Hi! My name is Christian, an Agile Software Developer, living in Trento (IT).
I am currently working at XPeppers.
Read more about me.

Favor Viewmodel over $scope

,
by

Share on Twitter

As you may be accustomed by now, in the JavaScript scene there is almost never a single way to program. I think it`s very difficult to find an idiomatic styleguide for the language/framework.

What I found is that lots of intelligent people were talking about idiomatic solutions they found to write maintainable AngularJS applications, and some similarities caught my attention.

One of them was the preference to use the controller as syntax, I definitely do too, and here is why.

Often unneeded $scope gets injected to conform to the rest of the controller definitions

For example, if you do not need to watch for changes on a model or viewmodel object, the $scope object is totally useless and litters the whole controller.

function RootCtrl($scope){
  $scope.foo = 'bar'
  $scope.$watch('foo', function(){})
}

function FooCtrl($scope){
  $scope.foo = 'bar' // could have written "this.foo = 'bar'"
}

The controller seen as a Viewmodel is easier to test

You can save yourself headaches by not needing to inject the $scope for testing purposes in each test, but simply makes the assertions on the instance of the controller (that is represented by the Viewmodel):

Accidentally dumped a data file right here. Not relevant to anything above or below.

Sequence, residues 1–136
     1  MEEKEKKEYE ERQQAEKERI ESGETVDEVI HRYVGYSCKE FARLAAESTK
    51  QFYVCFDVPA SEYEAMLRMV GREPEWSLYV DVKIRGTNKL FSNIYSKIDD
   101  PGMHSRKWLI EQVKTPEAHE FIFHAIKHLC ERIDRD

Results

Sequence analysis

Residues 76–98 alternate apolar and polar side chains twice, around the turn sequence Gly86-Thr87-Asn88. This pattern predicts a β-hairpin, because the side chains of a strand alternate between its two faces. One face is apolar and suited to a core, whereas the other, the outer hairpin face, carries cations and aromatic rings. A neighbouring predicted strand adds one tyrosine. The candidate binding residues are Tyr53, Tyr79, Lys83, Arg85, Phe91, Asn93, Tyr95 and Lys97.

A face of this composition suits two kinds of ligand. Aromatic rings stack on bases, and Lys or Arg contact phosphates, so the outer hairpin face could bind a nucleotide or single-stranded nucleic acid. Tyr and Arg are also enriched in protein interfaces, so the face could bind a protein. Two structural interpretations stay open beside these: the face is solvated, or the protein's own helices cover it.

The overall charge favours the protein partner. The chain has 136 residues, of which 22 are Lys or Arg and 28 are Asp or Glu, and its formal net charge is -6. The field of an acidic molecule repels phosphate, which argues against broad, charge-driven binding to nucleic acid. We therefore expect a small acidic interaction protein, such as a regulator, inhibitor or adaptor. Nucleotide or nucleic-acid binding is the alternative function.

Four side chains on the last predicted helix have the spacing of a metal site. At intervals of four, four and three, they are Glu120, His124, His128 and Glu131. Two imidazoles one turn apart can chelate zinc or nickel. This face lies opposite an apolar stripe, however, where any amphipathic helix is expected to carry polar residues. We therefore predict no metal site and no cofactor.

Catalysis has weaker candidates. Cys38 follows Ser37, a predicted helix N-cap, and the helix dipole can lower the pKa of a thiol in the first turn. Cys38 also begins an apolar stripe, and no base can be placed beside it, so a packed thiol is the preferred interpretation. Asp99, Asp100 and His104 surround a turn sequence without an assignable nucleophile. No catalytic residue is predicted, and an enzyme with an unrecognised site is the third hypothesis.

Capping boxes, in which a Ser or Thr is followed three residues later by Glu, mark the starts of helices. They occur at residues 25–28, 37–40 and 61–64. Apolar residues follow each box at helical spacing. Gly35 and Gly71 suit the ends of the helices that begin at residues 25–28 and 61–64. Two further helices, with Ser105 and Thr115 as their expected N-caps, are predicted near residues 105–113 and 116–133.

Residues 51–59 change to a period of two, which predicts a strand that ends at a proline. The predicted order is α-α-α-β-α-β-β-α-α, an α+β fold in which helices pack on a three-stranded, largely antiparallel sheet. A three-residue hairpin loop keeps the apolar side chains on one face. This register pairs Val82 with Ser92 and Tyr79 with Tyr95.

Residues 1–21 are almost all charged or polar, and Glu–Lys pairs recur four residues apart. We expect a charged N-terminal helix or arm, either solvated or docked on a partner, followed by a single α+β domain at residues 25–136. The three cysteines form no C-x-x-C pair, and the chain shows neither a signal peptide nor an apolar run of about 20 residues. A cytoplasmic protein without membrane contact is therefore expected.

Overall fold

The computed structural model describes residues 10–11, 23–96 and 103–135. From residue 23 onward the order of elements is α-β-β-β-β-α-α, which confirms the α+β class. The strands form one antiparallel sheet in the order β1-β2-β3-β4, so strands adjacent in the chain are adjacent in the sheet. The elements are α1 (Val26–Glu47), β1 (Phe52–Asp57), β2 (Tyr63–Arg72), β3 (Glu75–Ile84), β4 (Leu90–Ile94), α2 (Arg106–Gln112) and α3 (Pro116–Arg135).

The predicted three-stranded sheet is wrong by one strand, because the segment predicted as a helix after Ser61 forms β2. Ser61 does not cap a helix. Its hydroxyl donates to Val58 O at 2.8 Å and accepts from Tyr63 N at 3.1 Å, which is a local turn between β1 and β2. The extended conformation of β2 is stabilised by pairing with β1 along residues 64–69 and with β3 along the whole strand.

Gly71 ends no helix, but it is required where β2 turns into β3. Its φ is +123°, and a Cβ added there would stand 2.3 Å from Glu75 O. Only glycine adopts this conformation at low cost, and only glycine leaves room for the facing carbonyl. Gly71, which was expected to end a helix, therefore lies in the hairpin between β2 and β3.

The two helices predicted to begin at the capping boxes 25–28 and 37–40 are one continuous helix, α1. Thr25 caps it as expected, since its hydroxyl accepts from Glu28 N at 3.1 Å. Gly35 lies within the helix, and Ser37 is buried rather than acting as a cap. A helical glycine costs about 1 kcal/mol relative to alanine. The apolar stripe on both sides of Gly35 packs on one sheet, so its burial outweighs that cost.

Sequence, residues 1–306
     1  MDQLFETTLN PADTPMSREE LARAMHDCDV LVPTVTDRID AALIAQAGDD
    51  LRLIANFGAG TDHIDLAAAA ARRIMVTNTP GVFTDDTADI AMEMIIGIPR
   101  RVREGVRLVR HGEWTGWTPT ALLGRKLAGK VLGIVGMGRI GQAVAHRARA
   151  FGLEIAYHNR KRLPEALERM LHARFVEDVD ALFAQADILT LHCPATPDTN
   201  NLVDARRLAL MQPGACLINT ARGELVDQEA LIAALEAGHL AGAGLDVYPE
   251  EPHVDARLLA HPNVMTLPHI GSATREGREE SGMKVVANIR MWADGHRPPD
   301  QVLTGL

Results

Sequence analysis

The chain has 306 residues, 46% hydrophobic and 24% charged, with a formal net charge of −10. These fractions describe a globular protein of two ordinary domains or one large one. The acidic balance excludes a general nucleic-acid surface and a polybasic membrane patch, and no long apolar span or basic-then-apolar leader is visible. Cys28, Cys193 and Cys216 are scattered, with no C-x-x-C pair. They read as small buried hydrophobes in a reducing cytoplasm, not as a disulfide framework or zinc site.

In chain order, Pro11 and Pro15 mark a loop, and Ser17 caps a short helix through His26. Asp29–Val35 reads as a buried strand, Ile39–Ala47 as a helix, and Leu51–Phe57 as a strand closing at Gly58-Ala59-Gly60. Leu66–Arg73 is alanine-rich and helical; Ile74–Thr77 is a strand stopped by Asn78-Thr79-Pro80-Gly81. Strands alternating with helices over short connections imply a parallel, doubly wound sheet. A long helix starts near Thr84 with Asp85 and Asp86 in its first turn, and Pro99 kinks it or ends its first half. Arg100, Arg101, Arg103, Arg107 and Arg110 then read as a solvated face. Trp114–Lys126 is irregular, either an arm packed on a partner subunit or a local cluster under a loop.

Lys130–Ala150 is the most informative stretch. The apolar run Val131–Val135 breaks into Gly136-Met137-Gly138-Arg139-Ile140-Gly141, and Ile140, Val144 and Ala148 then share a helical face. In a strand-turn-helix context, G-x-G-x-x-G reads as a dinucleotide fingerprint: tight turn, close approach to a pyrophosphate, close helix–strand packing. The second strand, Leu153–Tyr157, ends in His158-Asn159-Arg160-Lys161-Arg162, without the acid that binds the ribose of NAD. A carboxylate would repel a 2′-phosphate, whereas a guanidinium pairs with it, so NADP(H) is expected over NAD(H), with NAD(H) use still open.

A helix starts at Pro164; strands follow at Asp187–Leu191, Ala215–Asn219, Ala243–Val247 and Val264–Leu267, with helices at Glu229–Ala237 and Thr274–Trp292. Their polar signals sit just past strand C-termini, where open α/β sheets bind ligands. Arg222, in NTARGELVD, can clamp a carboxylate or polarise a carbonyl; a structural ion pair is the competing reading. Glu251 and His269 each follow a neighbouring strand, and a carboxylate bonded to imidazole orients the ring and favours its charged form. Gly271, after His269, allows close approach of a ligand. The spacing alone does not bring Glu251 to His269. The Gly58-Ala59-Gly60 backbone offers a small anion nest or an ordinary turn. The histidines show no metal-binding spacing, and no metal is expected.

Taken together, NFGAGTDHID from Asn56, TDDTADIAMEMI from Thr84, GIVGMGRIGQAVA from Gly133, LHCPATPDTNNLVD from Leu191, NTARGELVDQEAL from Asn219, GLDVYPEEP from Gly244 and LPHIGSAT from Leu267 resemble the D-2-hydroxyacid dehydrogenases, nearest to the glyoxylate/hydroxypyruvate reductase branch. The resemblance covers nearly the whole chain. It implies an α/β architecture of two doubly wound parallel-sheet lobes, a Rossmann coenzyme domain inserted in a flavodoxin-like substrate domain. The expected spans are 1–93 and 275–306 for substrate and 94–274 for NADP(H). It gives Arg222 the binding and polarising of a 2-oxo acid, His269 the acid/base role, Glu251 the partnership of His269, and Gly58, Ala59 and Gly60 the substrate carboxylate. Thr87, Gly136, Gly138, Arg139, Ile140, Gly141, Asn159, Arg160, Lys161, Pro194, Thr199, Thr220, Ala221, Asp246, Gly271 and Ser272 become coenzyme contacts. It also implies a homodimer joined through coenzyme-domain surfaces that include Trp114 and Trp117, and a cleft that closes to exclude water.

// implementation
function FooCtrl(){
   this.foo = 'bar'
   this.submit = submit

   function submit(){/* |c?o.d:e*/ }
}

// test
FooCtrl = $controller('FooCtrl', {})  // instead of $controller('FooCtrl', {$scope:$scope})
expect( FooCtrl.foo ).to.eql( 'bar' ) // instead of expect( $scope.foo ).to.eql( 'bar' )

FooCtrl.submit('baz')
expect( FooCtrl.foo ).to.eql( 'baz' )

It may be a personal thing, but I prefer to have clean test with as little as possible indirection.

No collision/masking of primitives due to inheritance

There is a dedicated video about “the dot”, so this is an often overlooked issue one may face during their first steps in Angular.

The “problem” is that when you create a new scope (with a controller, isolate scope in directive, etc.) you create a new prototypal “scope” for the variables defined inside. If you use primitives on each scope and the variables have the same name, you break the inheritance chain, and you get undesired results:

<div ng-controller="FooCtrl">
  <input ng-model="foo"/>
  <div ng-controller="BarCtrl">
    <input ng-model="foo"/>
  </div>
</div>

Both controller definitions cannot communicate with each other through the property “foo”, although at first sight it might seem.

dot notation and VM solution

By using the dot you explicitly define the source of the data for the model, it is the vm.

You can take a look at an example application that makes the behaviour clear.

Conclusion

The point I made are mere preferences, so I would like to get into a discussion about what you think on Twitter.